If you’ve ever watched a fishmonger prepare a fillet of fish for you from behind the counter, you’ve probably seen one of them plucking at it with what looks like tweezers. This process is a courtesy from the fishmonger, who is removing the pin bones from your fish so that you don’t have to. As part of Wild Alaskan’s quality assurance, our processors aim to remove all pin bones from our wild-caught fillets, but human error can mean you may sometimes encounter pin bones.
That said, removing pin bones is easy enough to do on your own. Expertly removing the pin bones from your fillet of wild Alaskan catch takes just a minute of your time and some informed coordination. And keep in mind: sockeye and coho salmon are the two species that would show pin bones. Other species we offer, such as cod and halibut, could potentially have pin bones as well, but they are removed by a j-cut or a v-cut, so there is less likelihood of seeing them.
What Are Pin Bones?
Pin bones aren’t really bones, technically speaking. They’re actually calcified ligaments that are found in larger species of fish like salmon. All the same, they can make for an unpleasant surprise in your meal if you’re not expecting to find them. As mentioned above, Wild Alaskan removes pin bones during processing, first through an automated machine. Then, we follow up to remove any remaining bones by hand, as removing the pin bones is a delicate process — especially with fresh fillets, which don’t release the bones readily.
While you will be receiving fillets that are processed to be pin bone free, before cooking you’ll also want to check your fillet to see if there were any we missed along the way.
Pulling out pin bones carelessly can tear up your fillet, turning your beautiful meal into something less visually appealing. But there are a few tools that you can use to help you remove the pin bones the right way.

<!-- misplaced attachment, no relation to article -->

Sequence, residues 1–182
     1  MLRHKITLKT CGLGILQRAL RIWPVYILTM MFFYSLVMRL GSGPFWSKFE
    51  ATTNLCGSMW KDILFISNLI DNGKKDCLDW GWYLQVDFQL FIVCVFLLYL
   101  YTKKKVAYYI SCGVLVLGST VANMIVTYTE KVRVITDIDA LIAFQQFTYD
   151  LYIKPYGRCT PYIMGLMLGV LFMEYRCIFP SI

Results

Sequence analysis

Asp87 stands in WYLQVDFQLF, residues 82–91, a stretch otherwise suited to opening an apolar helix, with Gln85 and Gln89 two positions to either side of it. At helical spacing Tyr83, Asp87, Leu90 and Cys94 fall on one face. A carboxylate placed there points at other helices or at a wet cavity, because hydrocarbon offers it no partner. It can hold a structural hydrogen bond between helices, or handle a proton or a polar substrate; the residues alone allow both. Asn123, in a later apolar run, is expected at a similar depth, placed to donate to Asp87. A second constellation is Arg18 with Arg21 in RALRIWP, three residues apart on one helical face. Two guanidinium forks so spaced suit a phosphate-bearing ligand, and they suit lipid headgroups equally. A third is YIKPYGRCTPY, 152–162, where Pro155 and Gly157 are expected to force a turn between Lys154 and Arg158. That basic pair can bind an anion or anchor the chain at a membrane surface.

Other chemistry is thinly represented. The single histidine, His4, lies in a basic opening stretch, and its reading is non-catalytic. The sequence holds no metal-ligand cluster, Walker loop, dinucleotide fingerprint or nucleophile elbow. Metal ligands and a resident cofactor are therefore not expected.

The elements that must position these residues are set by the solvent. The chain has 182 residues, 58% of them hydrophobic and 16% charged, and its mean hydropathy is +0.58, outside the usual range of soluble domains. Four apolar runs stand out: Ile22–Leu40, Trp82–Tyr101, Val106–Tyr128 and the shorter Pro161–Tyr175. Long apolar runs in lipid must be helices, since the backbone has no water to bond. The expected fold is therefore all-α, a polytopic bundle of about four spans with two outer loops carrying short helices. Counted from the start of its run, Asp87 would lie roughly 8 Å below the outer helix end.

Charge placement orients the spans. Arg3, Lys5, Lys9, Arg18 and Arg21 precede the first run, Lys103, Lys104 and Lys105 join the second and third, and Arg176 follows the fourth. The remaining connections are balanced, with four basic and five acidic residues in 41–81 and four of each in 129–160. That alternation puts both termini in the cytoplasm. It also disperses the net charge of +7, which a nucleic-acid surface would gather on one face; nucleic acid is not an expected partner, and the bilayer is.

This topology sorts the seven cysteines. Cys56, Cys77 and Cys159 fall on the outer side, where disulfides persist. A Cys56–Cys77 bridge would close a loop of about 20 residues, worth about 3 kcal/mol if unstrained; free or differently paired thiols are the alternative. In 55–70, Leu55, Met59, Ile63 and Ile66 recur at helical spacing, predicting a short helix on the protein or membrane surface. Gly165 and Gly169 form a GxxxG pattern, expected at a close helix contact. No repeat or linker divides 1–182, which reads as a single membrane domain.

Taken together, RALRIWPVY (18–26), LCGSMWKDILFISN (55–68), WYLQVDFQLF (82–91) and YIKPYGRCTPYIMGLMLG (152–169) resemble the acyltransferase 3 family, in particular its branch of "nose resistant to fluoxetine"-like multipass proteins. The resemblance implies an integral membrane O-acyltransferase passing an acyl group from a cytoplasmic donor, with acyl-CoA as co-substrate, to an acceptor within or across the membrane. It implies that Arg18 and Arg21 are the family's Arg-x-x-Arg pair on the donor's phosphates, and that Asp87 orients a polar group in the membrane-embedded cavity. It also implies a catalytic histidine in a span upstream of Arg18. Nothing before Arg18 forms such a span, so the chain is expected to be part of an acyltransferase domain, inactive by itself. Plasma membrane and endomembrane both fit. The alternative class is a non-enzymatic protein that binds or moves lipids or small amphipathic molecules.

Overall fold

A proper set of fish bone pliers or fish tweezers are ideal, as they’ll allow you to grab the very tip of the pin bone and pull it from the fillet without tearing up any of the meat in the process. If you don’t have the proper culinary equipment, you can improvise with a clean set of needle-nose pliers or tweezers from your medicine cabinet, or even your fingers if you’re nimble.
The first thing you’ll want to do is locate the pin bones. You’ll usually find the bones running along the thickest part of the fillet; if you press down on the fillet with your fingers, you’ll notice the ends of the bones sticking up, a few millimeters apart from one another. The Kitchn has a short slideshow that shows you what exactly this looks like, if you need a visual aid. Keep in mind that the pin bones are set diagonally in the fillet, not perpendicular to it.
Starting from one end of the fillet, you’ll be removing these pin bones one by one. Using one hand to keep the fillet in place, use your tool of choice to grasp the end of the pin bone that is sticking out from the flesh, then gently pull out in the direction in which the bones are laying, not up or against the grain; you’re trying to slip the pin bone out of place, the same way you would if you were trying to remove a splinter from your finger.
You’ll feel some resistance as you pull the pin bone out. Discard the pin bones once you’re through, and give your fillet a final check. If you’ve missed any, it’s not going to hurt your fillet, but trust us: You will want to be thorough, as the pin bones will be much harder to find when you’re moments away from enjoying your delicious meal.